The Arctic Ocean has become a “dead end” for the plastic floating through our oceans, scientists say.
A new study published Wednesday in Science Advances found that the Arctic Ocean is accumulating high concentrations of plastics ― specifically in the Greenland and Barents seas. The plastic trash is brought in from distant regions by currents in the Atlantic Ocean, creating a sort of “plastic conveyor belt,” as the researchers put it, which ends up in the Arctic.
Researchers from University of Cádiz in Spain and other institutions around the world sampled pieces of plastic floating in the Arctic on an expedition in 2013, reports The Washington Post. The researchers estimate that there are around 300 billion tiny pieces of plastic on the Arctic’s surface ― with likely even more on the seafloor below.
Notably, the scientists think that this plastic largely comes from waste dumped in the ocean by North Americans and Europeans.
“This plastic is coming from us in the North Atlantic,” lead author Andrés Cózar Cabañas told The New York Times. “And the more we know about what happens in the Arctic, the better chance we have” of solving the problem.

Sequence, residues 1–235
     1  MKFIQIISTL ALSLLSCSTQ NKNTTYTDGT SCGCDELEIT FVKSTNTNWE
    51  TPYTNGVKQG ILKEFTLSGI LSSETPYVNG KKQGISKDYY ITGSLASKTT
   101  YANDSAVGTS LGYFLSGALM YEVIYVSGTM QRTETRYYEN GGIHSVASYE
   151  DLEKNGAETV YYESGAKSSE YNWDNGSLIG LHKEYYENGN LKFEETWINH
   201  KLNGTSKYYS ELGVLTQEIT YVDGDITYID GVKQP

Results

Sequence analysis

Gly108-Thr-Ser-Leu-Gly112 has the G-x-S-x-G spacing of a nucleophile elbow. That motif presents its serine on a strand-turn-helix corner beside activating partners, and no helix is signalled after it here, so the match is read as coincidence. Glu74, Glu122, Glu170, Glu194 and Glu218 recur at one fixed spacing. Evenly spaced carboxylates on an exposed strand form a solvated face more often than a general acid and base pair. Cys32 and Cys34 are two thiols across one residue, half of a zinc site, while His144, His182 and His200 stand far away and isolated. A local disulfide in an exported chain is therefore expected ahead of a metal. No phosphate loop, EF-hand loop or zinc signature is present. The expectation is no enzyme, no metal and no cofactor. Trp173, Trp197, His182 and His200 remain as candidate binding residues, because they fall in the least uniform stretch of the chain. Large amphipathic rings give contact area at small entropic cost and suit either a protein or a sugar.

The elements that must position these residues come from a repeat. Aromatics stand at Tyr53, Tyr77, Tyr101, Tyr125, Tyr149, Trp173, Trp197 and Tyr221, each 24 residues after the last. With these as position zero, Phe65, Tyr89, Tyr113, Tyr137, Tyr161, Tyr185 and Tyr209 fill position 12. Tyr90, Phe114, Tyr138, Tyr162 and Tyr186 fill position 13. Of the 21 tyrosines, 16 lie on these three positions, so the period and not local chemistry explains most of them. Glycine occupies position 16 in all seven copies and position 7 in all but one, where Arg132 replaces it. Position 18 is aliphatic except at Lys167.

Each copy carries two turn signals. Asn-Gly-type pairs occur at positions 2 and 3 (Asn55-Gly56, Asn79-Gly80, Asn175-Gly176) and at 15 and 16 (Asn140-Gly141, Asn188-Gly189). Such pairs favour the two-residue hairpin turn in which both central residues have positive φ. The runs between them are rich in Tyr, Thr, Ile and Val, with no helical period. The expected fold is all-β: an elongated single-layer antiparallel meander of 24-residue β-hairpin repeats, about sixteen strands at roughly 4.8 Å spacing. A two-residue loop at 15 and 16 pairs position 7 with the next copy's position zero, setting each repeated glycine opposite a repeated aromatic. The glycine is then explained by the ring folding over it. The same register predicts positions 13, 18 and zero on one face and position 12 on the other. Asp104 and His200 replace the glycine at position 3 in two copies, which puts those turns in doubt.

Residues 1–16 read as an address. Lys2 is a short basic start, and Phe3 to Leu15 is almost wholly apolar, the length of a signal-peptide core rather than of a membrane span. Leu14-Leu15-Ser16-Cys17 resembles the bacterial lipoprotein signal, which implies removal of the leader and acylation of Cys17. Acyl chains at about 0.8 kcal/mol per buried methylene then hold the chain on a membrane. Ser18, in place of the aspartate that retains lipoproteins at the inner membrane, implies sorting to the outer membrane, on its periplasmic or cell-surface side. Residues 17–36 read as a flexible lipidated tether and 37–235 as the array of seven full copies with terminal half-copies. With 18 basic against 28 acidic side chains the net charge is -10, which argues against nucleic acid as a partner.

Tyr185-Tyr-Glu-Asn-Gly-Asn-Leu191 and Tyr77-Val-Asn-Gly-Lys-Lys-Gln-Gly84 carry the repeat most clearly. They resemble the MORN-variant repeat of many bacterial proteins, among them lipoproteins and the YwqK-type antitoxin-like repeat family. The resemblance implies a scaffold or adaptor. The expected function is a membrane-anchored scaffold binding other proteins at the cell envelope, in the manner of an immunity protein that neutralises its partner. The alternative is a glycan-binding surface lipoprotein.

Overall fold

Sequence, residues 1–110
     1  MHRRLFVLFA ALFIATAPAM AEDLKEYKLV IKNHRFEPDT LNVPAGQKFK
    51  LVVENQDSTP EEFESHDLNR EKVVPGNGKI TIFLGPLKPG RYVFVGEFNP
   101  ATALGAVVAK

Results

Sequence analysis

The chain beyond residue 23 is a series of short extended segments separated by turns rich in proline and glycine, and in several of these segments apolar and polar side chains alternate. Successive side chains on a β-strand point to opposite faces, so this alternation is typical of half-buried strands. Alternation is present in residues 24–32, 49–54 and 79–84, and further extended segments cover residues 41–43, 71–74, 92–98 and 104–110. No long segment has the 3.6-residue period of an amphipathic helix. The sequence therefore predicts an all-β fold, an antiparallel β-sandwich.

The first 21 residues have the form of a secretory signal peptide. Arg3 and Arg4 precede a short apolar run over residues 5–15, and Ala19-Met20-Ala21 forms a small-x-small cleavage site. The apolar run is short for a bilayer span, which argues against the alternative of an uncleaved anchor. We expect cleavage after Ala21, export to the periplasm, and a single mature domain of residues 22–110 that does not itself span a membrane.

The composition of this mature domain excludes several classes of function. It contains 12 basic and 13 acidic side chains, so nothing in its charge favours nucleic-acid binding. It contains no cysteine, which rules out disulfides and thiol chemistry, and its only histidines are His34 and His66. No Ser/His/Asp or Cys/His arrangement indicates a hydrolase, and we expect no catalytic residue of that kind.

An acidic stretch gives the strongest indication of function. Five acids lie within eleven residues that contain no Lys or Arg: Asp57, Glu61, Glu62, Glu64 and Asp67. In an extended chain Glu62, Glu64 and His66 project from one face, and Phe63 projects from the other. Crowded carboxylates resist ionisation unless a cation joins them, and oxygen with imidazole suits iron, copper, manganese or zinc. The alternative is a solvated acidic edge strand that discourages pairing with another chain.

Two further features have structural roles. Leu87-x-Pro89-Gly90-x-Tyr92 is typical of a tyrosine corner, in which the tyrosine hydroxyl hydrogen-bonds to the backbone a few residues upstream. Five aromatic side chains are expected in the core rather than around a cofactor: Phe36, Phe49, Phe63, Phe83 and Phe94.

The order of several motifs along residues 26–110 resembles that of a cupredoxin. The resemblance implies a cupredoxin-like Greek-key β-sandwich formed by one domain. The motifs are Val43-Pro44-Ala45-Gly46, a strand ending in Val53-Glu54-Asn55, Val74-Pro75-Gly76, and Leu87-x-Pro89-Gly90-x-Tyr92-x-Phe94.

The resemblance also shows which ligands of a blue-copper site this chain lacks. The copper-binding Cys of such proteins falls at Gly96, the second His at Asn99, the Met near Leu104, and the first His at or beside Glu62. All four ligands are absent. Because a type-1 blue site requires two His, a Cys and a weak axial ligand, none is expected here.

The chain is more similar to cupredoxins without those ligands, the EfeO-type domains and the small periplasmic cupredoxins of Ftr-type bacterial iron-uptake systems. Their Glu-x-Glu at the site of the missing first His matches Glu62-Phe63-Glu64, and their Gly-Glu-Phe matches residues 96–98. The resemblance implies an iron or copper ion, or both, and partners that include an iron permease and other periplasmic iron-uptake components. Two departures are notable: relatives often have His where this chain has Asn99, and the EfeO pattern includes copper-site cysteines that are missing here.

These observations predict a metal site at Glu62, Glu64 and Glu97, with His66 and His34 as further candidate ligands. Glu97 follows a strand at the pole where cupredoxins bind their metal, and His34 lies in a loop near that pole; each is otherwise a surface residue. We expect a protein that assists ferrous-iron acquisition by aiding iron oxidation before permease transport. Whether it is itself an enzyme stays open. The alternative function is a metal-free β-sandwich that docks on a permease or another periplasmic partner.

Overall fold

Around 8 million tons of plastic end up in the ocean each year, according to a 2016 report from the World Economic Forum. That’s the equivalent of tossing the contents of a garbage truck into the ocean every minute. At this rate, oceans will contain more plastics than fish in weight by 2050.
One consequence of ocean pollution is that marine animals can mistake trash for food and ingest it or get tangled in it, causing injury or death, according to the National Oceanic and Atmospheric Administration.
The researchers who studied the plastic debris accumulating in the Arctic said the problem will likely only get worse.
“It’s only been about 60 years since we started using plastic industrially, and the usage and the production has been increasing ever since,” study co-author Carlos Duarte told the Post. “So, most of the plastic that we have disposed in the ocean is still now in transit to the Arctic.”
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